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September 21, 2011

Nouriel Roubini says mishandling the Sovereign debt problem will lead to a second great depression

Nouriel Roubini is an economist who is famous for predicting detailed aspects of the 2007 and 2008 financial crisis Nouriel Roubini is Chairman of Roubini Global Economics, Professor of Economics at the Stern School of Business, New York University, and co-author of the book Crisis Economics. Copyright: Project Syndicate, 2011

The latest economic data suggests that recession is returning to most advanced economies, with financial markets now reaching levels of stress unseen since the collapse of Lehman Brothers in 2008.The risks of an economic and financial crisis even worse than the previous one – now involving not just the private sector, but also near-insolvent sovereigns – are significant. So, what can be done to minimize the fallout of another economic contraction and prevent a deeper depression and financial meltdown.

1. If countries in the eurozone’s periphery are forced to undertake fiscal austerity, countries able to provide short-term stimulus should do so and postpone their own austerity efforts.

2. The European Central Bank should reverse its mistaken decision to hike interest rates. More monetary and credit easing is also required for the US Federal Reserve, the Bank of Japan, the Bank of England, and the Swiss National Bank. Inflation will soon be the last problem that central banks will fear.




3. To restore credit growth, eurozone banks and banking systems that are under-capitalized should be strengthened with public financing in a European Union-wide program

4. Large-scale liquidity provision for solvent governments is necessary to avoid a spike in spreads and loss of market access that would turn illiquidity into insolvency. Spain and Italy are at risk of losing market access. Official resources need to be tripled – through a larger European Financial Stability Facility (EFSF), Eurobonds, or massive ECB action – to avoid a disastrous run on these sovereigns.

5. Debt burdens that cannot be eased by growth, savings, or inflation must be rendered sustainable through orderly debt restructuring, debt reduction, and conversion of debt into equity. This needs to be carried out for insolvent governments, households, and financial institutions alike.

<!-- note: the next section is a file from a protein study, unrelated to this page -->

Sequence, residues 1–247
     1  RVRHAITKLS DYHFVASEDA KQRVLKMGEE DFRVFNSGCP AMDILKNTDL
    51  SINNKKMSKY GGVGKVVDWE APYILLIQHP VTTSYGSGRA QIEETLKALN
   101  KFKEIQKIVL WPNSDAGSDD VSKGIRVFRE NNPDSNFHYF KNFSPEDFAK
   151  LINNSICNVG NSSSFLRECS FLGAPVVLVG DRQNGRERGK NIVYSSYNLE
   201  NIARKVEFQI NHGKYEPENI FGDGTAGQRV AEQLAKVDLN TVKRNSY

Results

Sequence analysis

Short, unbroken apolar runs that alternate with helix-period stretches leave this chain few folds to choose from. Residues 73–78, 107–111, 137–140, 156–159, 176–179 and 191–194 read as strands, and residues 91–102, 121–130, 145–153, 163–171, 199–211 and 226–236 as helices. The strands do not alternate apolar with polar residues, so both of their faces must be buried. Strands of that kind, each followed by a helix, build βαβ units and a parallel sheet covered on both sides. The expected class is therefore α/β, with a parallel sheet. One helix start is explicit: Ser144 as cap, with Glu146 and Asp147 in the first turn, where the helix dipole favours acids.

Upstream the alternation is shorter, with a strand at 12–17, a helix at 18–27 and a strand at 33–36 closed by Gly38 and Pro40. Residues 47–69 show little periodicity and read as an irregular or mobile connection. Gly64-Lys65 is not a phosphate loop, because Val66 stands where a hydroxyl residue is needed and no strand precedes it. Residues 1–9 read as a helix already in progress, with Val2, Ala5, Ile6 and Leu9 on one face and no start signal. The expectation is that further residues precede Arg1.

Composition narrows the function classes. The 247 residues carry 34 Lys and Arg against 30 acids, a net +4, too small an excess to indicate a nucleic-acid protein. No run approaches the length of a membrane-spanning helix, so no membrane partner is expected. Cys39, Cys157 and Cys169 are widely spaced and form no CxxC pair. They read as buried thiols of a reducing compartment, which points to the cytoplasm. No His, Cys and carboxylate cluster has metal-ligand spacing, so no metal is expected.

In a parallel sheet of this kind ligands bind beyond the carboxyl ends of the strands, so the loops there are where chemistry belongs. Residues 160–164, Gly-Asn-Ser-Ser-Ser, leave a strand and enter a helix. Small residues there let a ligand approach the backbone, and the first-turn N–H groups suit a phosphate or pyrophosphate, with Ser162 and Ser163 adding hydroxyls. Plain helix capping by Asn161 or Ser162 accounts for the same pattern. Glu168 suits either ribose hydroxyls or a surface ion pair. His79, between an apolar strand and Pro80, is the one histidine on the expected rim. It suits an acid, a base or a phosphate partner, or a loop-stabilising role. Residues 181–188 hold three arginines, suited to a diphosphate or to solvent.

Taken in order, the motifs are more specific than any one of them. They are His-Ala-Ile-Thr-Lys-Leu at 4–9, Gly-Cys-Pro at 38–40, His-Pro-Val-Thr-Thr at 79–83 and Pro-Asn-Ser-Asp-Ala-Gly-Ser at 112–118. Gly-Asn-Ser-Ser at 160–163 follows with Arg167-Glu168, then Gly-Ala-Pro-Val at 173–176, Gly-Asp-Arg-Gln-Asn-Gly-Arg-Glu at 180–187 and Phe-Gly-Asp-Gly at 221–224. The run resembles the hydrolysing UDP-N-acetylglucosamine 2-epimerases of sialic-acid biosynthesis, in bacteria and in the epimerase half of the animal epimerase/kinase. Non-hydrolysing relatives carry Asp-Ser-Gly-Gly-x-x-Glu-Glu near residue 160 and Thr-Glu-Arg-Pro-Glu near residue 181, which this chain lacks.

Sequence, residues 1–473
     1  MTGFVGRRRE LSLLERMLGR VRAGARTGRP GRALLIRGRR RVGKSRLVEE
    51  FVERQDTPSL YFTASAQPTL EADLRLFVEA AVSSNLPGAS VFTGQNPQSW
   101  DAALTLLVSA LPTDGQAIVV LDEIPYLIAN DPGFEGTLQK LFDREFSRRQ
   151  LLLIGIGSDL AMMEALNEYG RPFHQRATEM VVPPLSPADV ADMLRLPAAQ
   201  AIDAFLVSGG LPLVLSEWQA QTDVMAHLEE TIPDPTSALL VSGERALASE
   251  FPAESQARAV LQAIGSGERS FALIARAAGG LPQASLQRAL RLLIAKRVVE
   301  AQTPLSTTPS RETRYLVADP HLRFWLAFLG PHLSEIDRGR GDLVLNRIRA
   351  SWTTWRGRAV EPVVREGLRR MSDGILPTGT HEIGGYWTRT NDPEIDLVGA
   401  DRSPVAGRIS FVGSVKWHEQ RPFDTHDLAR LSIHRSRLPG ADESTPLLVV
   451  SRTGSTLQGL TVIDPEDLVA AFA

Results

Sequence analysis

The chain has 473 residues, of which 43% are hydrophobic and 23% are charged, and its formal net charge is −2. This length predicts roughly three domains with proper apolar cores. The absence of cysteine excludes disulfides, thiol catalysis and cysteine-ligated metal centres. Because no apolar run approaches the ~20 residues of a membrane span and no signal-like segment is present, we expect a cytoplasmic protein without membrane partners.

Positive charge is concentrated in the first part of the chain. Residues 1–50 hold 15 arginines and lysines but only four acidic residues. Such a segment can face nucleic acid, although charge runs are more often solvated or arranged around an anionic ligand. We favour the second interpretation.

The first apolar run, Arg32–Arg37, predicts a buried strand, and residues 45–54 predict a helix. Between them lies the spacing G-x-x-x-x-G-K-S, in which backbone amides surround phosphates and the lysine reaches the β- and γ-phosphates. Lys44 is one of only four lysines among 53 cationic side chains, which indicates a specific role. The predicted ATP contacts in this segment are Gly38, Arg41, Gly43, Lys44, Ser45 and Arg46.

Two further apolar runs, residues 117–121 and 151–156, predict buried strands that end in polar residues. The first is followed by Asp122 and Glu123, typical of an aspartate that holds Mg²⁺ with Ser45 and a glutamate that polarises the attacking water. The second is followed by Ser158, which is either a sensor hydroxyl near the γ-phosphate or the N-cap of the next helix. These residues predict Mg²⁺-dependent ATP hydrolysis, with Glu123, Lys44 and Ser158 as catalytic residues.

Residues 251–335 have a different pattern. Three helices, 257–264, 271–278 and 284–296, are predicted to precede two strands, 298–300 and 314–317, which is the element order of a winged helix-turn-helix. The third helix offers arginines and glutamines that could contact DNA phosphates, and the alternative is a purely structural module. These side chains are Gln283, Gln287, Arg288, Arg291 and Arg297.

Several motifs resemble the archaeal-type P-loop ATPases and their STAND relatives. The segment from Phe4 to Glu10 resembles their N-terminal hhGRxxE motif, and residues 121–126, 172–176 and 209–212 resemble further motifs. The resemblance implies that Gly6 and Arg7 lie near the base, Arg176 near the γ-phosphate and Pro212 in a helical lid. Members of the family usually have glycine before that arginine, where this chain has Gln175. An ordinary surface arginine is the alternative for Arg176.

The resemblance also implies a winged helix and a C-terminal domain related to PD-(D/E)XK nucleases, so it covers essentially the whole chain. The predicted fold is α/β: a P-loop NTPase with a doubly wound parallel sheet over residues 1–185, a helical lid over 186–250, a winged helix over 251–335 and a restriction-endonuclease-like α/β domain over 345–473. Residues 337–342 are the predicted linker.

6. Competitiveness must be restored to the debtor countries. The sole alternative is an exit from the eurozone by Greece and some other current members. Only a return to a national currency – and a sharp depreciation of that currency – can restore competitiveness and growth.

7. The advanced economies need a medium-term plan to restore competitiveness and jobs via massive new investments in high-quality education, job training and human-capital improvements, infrastructure, and alternative/renewable energy. Only such a program can provide workers in advanced economies with the tools needed to compete globally.

8. Emerging-market economies have more policy tools left than advanced economies do, and they should ease monetary and fiscal policy. The International Monetary Fund and the World Bank can serve as lender of last resort to emerging markets at risk of losing market access, conditional on appropriate policy reforms. And countries, like China, that rely excessively on net exports for growth should accelerate reforms, including more rapid currency appreciation, in order to boost domestic demand and consumption.

The risks ahead are not just of a mild double-dip recession, but of a severe contraction that could turn into Great Depression II, especially if the eurozone crisis becomes disorderly and leads to a global financial meltdown. Wrong-headed policies during the first Great Depression led to trade and currency wars, disorderly debt defaults, deflation, rising income and wealth inequality, poverty, desperation, and social and political instability that eventually led to the rise of authoritarian regimes and World War II. The best way to avoid the risk of repeating such a sequence is bold and aggressive global policy action now.
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